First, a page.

The Humberg Tower is an observation tower on the Humberg hill, 425 metres (1,400 feet) high, to the south of the city of Kaiserslautern in southwest Germany.
The idea of building a tower on the Humberg (already in those days a favourite hill among the citizens of Kaiserslautern, for its view) was taken up in 1896. For this purpose, inhabitants of the city founded the Humberg Association, with the aim of financing the building of an observation tower. Among the founding members were the well-known sewing machine factory owner Pfaff, the mayor, Dr. Orth, distinguished businessmen, Pfeiffer and Karcher, and malt manufacturer, Gelbert.
The tower was built to plans by the Munich architect, Ludwig Ritter von Stempel, who had already made a name for himself with some public buildings in the city. The Humberg Tower is a monumental construction of sandstone blocks, typical of the Wilhelminian period. Building began in the spring of 1899. The building material was quarried on the spot from the stone plateau of the Humberg. The tower was ceremonially opened on 2 September 1900. The tower is 35.77 metres (119 feet) high and its observation platform is 28.16 metres (93 feet) above the ground. The spiral staircase inside has 130 steps; in addition, there are a further 33 steps in the outside stairs at the base.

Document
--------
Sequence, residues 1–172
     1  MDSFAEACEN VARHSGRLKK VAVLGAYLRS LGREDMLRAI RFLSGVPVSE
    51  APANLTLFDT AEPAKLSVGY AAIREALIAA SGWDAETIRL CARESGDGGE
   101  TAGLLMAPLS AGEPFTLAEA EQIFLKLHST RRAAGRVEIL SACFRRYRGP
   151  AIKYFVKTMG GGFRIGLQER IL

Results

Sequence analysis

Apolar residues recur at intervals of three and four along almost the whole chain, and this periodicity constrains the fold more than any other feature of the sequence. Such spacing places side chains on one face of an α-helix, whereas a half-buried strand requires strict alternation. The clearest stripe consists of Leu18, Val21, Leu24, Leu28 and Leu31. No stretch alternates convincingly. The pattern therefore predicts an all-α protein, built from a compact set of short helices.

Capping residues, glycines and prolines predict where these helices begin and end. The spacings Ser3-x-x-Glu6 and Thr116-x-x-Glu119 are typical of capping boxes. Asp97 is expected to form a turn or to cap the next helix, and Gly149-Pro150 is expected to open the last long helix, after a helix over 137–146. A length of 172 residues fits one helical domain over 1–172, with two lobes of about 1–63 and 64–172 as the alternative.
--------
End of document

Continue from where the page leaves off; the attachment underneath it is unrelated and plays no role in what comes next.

In 1909, the existing Humberg Association was dissolved. The tower and the association’s capital came into the possession of the city of Kaiserslautern. In 2001, the Humberg Tower Association of Kaiserslautern e.V. was founded with the aim of preserving the tower and its attractiveness as a goal for hikers.
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